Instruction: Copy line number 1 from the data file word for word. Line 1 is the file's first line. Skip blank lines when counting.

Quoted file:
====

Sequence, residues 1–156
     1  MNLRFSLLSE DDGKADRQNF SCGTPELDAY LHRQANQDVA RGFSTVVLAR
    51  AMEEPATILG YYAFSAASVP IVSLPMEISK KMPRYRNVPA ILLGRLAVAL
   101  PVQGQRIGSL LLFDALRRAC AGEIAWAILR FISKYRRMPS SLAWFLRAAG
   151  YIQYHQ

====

Sequence, residues 1–156